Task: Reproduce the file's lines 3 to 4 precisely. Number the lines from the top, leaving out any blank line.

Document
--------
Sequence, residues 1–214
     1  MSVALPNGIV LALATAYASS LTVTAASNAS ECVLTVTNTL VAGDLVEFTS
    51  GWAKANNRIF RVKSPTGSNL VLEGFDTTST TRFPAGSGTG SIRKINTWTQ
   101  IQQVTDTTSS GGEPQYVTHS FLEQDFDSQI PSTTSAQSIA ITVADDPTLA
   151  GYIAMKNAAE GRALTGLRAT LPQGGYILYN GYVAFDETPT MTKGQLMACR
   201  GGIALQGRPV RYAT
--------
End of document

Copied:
    51  GWAKANNRIF RVKSPTGSNL VLEGFDTTST TRFPAGSGTG SIRKINTWTQ
   101  IQQVTDTTSS GGEPQYVTHS FLEQDFDSQI PSTTSAQSIA ITVADDPTLA